from The American Heritage® Dictionary of the English Language, 5th Edition.

  • noun A spiny evergreen tree (Citrus limon) native to Asia, widely cultivated for its oval yellow fruit.
  • noun The fruit of this tree, having an aromatic rind and juicy, acid pulp.
  • noun Lemon yellow.
  • noun Informal One that is unsatisfactory or defective.
  • adjective Lemon-yellow.
  • adjective Made from lemons.
  • adjective Tasting or smelling like lemons.

from The Century Dictionary.

  • noun The fruit of the rutaceous tree Citrus Medica, var. Limonum.
  • noun The tree that yields this fruit.
  • noun The borhame or sand-sole, a kind of flatfish. See lemon-sole, 1.
  • noun Having lemon as a principal ingredient; impregnated or flavored with lemon: as, lemon candy.
  • noun Of the color of a lemon; lemon-colored: as, lemon silk.

from the GNU version of the Collaborative International Dictionary of English.

  • noun (Bot.) An oval or roundish fruit resembling the orange, and containing a pulp usually intensely acid. It is produced by a tropical tree of the genus Citrus, the common fruit known in commerce being that of the species Citrus Limonum or Citrus Medica (var. Limonum). There are many varieties of the fruit, some of which are sweet.
  • noun The tree which bears lemons; the lemon tree.
  • noun (Bot.) a fragrant East Indian grass (Andropogon Shœnanthus, and perhaps other allied species), which yields the grass oil used in perfumery.
  • noun (Zoöl.) a yellow European sole (Solea aurantiaca).
  • noun (Chem.), [Colloq.] a white crystalline substance, inappropriately named, as it consists of an acid potassium oxalate and contains no citric acid, which is the characteristic acid of lemon; -- called also salts of sorrel. It is used in removing ink stains. See Oxalic acid, under Oxalic.

from Wiktionary, Creative Commons Attribution/Share-Alike License.

  • noun A yellowish citrus fruit.
  • noun A semitropical evergreen tree, Citrus limon, that bears such fruits.
  • noun A taste or flavour/flavor of lemons.
  • noun A more or less bright shade of yellow associated with lemon fruits.
  • noun slang A defective or inadequate item.
  • noun Cockney rhyming slang Smart; cheeky, vocal.
  • noun Cockney rhyming slang favour, favor.
  • noun A piece of fanfiction involving explicit sex.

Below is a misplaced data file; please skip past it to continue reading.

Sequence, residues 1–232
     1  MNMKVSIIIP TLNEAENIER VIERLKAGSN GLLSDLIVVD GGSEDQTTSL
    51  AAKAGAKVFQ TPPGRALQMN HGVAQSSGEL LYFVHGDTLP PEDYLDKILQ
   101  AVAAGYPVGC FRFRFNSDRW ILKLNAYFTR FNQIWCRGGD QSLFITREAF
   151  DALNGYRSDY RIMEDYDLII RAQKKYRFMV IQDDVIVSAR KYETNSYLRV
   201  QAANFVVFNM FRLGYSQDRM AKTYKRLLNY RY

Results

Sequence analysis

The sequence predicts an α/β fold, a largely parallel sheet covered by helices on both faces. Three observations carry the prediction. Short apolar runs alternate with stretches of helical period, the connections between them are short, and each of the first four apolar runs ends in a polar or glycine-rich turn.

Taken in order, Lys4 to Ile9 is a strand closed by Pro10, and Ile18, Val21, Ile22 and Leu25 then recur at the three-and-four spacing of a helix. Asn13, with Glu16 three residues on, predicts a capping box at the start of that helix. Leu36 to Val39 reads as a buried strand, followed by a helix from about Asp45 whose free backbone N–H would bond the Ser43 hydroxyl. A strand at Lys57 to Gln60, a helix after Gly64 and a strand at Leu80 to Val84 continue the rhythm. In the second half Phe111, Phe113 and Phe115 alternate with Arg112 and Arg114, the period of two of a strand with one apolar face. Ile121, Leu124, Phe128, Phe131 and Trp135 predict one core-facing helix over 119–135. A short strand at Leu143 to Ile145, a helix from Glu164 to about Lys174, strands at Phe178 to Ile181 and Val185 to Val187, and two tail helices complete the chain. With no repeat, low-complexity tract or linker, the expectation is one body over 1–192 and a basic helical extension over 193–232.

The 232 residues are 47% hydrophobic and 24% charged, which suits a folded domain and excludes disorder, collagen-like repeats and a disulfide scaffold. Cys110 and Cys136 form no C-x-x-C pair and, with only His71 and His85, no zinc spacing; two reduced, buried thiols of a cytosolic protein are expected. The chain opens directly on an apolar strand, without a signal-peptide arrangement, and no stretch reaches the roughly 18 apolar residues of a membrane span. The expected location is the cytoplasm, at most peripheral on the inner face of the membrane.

• adjective Containing or having the flavour/flavor and/or scent of lemons.
  • adjective Of the pale yellow colour/color of lemons.

from WordNet 3.0 Copyright 2006 by Princeton University. All rights reserved.

  • noun a distinctive tart flavor characteristic of lemons
  • noun a small evergreen tree that originated in Asia but is widely cultivated for its fruit
  • noun a strong yellow color
  • noun yellow oval fruit with juicy acidic flesh
  • noun an artifact (especially an automobile) that is defective or unsatisfactory


from The American Heritage® Dictionary of the English Language, 4th Edition

[Middle English limon, from Old French, from Old Italian limone, from Arabic laymūn, ultimately from alteration (probably influenced by an Andalusian Romance augmentative suffix akin to Spanish -ón) of Persian līmū, lemon, any of various citrus fruits; see lime.]

from Wiktionary, Creative Commons Attribution/Share-Alike License

From Old French lymon ("citrus"), from Arabic ليمون (laymūn) or Ottoman Turkish لیمون (limun), from Persian لیمو (limu). Cognate with Sanskrit निम्ब (nimbū, "lime").


    Sorry, no example sentences found.


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  • The last WeirdNet definition is: 'a man-made object taken as a whole'.

    Why? Because the second-to-last is a subcategory of artifact.

    August 7, 2008

  • "juicy acidic flesh"!? a somewhat unsettling phrase.

    November 22, 2008

  • the yellowish, acid fruit of a subtropical citrus tree, Citrus limon. According to Although we know neither where the lemon was first grown nor when it first came to Europe, we know from its name that it came to us from the Middle East because we can trace its etymological path. One of the earliest occurrences of our word is found in a Middle English customs document of 1420-1421. The Middle English word limon goes back to Old French limon, showing that yet another delicacy passed into England through France. The Old French word probably came from Italian limone, another step on the route that leads back to the Arabic word laymūn or līmūn, which comes from the Persian word līmūn.

    August 31, 2009

  • nom nom nom. mmmmmm. lemons!

    December 9, 2009